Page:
When I was in-house I hired and fired several marketing, advertising and PR agencies. I have formed a view over time that a lot of the best growth hacking needs to be done by in-house teams. But I always wished that I had a SWAT Team on call to deploy when a really interesting growth idea came up. My ideal external growth team would meet the challenges listed above with:

  1. Full-stack: On-tap capacity to go all the way from concept and design to engineering and deployment. This “design & build” capability should be channel agnostic so that the team can deliver everything from advertising campaigns to mobile apps quickly, cheaply and with high quality.
  2. Collaborative: Multi-lingual across disciplines to serve and collaborate with different people inside the in-house team. The agency strategists, designers and developers should all play nice with others.
  3. Data-driven: Deep expertise in tracking, analytics and data. An in-house team can only really know the current analytics systems that they are using. An external team should be able to use and deploy tracking solutions from different providers and help the in-house team prioritise which metrics to track.
  4. Focused: An external team should have the focus and speed to deliver growth projects without being derailed by the company’s internal crises.

It’s early days, but I’m aiming to build exactly this type of external growth team at Richards Partners. If you’d like to learn more about this type of rapid and practical marketing then you can hit me up on [email protected] I’d also love to hear from other practitioners that are at the coal face running growth hacking teams. The New York and London startup scenes thrive on collaboration and sharing. We need to find and celebrate more great New Zealand growth hacking success stories.

The evolution of design, branding and digital marketing in New Zealand

I have been away from New Zealand for over five years. Life in New York and London moves pretty fast, so coming home to little old New Zealand has been quite a shock to the system. But the country is waking up to a more global worldview and embracing design and creativity. It turns out that things in paradise have changed a lot recently. I thought I’d take a moment to share some of the biggest changes that have occurred in my absence.

1. Design Thinking

When I left, talking to conservative business people about design thinking and innovation was a constant struggle. There was a withering cynicism towards any type of creativity. Design was seen as mere window dressing and fluff.

Today, there are wonderful success stories of fast-growing New Zealand companies that are using design, empathy and rapid new product development methods to bring world class products to life. These new products are are grounded in a genuine understanding of what their customers want. The Better by Design program seems to have had real impact in this area.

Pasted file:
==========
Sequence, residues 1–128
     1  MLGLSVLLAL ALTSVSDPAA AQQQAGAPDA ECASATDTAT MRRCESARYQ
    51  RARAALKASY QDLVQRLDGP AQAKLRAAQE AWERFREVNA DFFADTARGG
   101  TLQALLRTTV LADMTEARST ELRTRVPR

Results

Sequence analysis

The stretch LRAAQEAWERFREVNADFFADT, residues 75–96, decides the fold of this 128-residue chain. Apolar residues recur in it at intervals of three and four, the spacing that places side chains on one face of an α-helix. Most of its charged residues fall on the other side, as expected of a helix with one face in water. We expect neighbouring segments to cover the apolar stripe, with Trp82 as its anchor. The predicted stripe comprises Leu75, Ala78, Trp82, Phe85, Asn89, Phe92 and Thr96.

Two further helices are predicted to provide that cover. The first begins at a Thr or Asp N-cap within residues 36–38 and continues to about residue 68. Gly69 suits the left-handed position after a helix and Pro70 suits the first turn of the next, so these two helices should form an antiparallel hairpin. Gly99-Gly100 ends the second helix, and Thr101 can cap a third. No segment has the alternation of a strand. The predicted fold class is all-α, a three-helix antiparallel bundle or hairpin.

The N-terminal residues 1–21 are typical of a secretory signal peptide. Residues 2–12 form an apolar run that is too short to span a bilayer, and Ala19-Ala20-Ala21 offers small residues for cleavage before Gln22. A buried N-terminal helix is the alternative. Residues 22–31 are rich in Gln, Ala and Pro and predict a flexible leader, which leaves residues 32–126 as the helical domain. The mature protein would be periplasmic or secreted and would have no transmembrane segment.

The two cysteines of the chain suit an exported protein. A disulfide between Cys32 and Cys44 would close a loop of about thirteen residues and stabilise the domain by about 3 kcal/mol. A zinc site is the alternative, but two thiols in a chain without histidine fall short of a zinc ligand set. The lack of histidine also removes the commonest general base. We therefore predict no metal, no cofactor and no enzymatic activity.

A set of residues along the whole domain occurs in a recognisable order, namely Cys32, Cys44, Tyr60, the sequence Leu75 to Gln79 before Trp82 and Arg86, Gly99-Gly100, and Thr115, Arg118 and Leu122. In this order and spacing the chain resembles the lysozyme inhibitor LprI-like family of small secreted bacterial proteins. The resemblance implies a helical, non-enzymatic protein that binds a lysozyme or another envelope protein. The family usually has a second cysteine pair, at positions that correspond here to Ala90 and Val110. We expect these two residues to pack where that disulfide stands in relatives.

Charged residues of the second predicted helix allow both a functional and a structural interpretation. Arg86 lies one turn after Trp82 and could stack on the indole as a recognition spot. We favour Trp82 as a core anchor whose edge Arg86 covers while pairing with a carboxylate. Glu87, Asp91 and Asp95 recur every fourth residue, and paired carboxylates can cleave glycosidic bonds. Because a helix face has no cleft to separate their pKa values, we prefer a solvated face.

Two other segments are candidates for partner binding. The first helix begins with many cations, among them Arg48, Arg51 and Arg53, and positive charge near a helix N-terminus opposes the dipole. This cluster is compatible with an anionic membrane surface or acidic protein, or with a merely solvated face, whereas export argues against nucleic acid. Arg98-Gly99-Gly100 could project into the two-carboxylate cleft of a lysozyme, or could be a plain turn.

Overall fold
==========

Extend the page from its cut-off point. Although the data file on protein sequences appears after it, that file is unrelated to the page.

The core of good design thinking is empathy for the end-user (and a willingness to iterate and experiment). These design thinking mindsets are largely now seen as common sense in many New Zealand businesses. And where they aren’t, there is a growing appetite for change.

2. Brand Strategy

New Zealand has always had a cynical attitude towards sales and marketing. In the professional services the attitude was “the work should speak for itself” and in the consumer products industries there used to be a real lack of ambition and storytelling. Branding was restricted to logos and packaging and seldom went as far as good quality storytelling. Most brand strategy work wasn’t handed over to the client in a form that was durable and usable.

Today, there are some top class New Zealand design firms and a wide range of high quality brands coming out of New Zealand with good brand design, marketing and advertising. The prestige firms like Richards Partners, DNA Design, Dow Design, Designworks and Studio Alexander are all still going strong and there are a range of hot new brand design firms like Little Giant, Inject Design and HardHat Design.

3. Digital Marketing

Different industries adopt digital marketing and social media at different rates. But almost every company in New Zealand was behind the curve in adopting social media. And there was only one really creative social media agency (Young & Shand) who were surrounded by a cadre of old school web design firms like Zeald and Terabyte using outdated technology like Flash and Macromedia.

These days, most New Zealand brands have embraced social media and the two-way customer conversations that come with the new online channels. On the agency side there are now a wonderful range of user experience and digital creative agencies. Everything from the reborn Terabyte, who are championing good UX design, to creative social media agencies like Mosh and Socialites.

Growth hacking and truly cutting edge digital marketing as practised by modern startups is still a little lacking in New Zealand. Growth hacking requires an uncommon mix of willingness to fail combined with a ruthless focus on measurement.

There is also a growing startup ecosystem in New Zealand championed by groups like the Icehouse, Spark Labs and Startup Weekend. Things are looking bright for innovation and creativity in New Zealand.

Why You Should Become a Mentor